How Bay Area visitors and second-home owners can better support the community
A friend of mine whose family all live in the Bay Area but own five houses in Tahoe (four in Truckee, one on the beach in West Shore) told me on a recent visit that she’s been coming to Tahoe most of her life and has never found the locals to be quite as salty as they are right now. “People are downright rude,” she said. “It’s becoming really unpleasant.”
She started talking about this a bit last year, too, and said she’d begun to feel like she shouldn’t admit to being from the Bay Area and had begun telling people in stores and restaurants that she was a “summer local,” so that she could differentiate herself from the tourists.
“Noooo,” I groaned at the time. “That’s so much worse.”
She gave mea look, which I probably deserved; my salty local side was getting in the way of my good-friend side. At any rate, this year, I decided to explain the problem to my friend, and to anyone else who loves Tahoe, and, last week, to the woman behind me in line at the Safeway, complaining to her friend about why that grocery store always has such long lines when her store in Marin works so much more efficiently.
“They can’t keep enough staff because no one who gets paid a grocery store salary can afford to live here anymore,” I explained.
“Oh!” she said, taking a step back. “I had heard that housing had gotten bad, but not that bad.”
It is, in fact, that bad. Housing has never been easy in Tahoe, nor has it ever been easy to live here year-round. Locals typically have more than one job to make ends meet, but figure it’s worth it for the chance to live in a transcendent place most people only get to visit.
In the past five years or so, it’s gotten noticeably worse. And no, not just because of the “Airbnb effect” that’s impacting every place people like to visit. That has, of course, had an impact here, as a handful of owners have opted to turn what once were long-term rentals into vacation rentals, but it is far from the only story.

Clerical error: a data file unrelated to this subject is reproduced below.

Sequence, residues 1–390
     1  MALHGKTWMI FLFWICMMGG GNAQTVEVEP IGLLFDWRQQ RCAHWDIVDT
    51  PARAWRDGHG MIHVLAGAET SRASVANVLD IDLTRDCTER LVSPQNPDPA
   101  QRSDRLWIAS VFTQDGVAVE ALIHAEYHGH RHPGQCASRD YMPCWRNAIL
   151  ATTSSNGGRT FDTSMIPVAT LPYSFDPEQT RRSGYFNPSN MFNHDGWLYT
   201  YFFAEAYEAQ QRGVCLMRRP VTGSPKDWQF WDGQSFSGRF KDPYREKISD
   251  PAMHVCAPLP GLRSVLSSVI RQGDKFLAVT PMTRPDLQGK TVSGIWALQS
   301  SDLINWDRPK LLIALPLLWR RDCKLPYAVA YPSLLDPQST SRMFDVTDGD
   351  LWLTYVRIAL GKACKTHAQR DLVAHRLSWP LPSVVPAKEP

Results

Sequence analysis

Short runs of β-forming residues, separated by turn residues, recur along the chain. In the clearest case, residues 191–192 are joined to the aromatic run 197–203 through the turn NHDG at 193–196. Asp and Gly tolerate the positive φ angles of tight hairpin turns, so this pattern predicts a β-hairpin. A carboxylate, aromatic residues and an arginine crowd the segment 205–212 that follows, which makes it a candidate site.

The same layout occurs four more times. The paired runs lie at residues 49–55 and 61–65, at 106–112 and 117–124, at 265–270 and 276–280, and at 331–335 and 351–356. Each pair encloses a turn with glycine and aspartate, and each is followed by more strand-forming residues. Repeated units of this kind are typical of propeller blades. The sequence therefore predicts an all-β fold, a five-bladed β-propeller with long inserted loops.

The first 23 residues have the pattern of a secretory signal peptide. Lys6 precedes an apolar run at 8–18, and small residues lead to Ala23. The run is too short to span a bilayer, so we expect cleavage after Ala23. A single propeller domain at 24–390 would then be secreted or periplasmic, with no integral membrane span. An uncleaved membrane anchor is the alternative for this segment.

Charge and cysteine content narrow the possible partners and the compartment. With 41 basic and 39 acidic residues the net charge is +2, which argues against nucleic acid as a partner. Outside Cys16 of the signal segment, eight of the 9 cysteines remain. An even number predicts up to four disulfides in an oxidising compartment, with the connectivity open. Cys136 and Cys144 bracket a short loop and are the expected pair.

A bigger part of the problem is the fact that of the 38,937 housing units (not including condos or hotel-condos) in the Truckee–north Tahoe area, 60 percent are second homes. That number is up 8 percent since 2000. More than 65 percent of homes in the area sit vacant half of the year or more. A similar trend is happening in South Lake Tahoe, where rundown motels have become de facto residences while many of the residences now function as hotels.
Many second homes in the region are being purchased by Bay Area residents who can’t afford a house in San Francisco, so they buy their vacation home and rent their primary residence. It’s not uncommon for second-home owners to use their homes one weekend a quarter or less. Some homes sit empty 100 percent of the time.
“When you hear the stories, it starts to make sense,” says Stacy Caldwell, executive director of the Tahoe-Truckee Community Foundation. “Oftentimes it was grandma or grandpa who bought the home in the early part of their marriage. They had their babies and they spent Christmases and vacations here, and then those babies grew up, and maybe they started a tradition with their children. Maybe they didn’t and now they’re older. And those third-generation children are now scattered around the country and that house is sitting there, unused. It might be an asset to them, or it might be a burden to them. We don’t know. So how do we begin that conversation of unlocking those homes and actually recognizing what those home-owners want? Empty homes aren’t good for anyone. They’re not good for a community and they’re not good as an asset.”
And yet second-home developments continue to be green lit, particularly those that sit just outside the Truckee town limits in unincorporated Placer County, which has essentially rolled out the red carpet for every second-home development proposal in the past few years.
Truckee has been trying to balance out those developments with residential developments aimed at long-term residents, including new condos as part of a hotel project, a community housing project down on the river front, and a redevelopment project at the railyard downtown. When the railyard project was passed, my friend’s brother complained to me that it would “make Truckee look like Emeryville. We come here to get away from that!
I asked him where he likes to go for coffee and meals around town. “Oh, Coffeebar for coffee and I like Moody’s for dinner and drinks,” he said. I asked him where he thought the servers in those places live and pointed out that there aren’t a lot of one- and two-bedroom homes or apartments around. “Huh. I guess I never really thought about that …”
And therein lies the proverbial rub: when you’re visiting a place, you rarely think about those things. But perhaps we all should, particularly those who own homes in communities other than where they live. Tahoe depends on visitors and its second-home owner community, and most frequent visitors prefer to feel like part of the community rather than have locals treat them with disdain
The solution is not to try to pretend you’re a local (a faux-cal), but to actually participate in the community; think about where the waiters who serve you live, persuade your family to downsize from five to maybe one or two houses, think a bit about where you’re staying next time you visit and what impact it might have. And if you’re really feeling ambitious, consider getting involved in some way and bringing solutions to the table.
Tahoe has never been an easy place to call home but it’s at a tipping point, and it’s getting dangerously close to becoming a place where no one can live. Which would make it a terrible place to visit.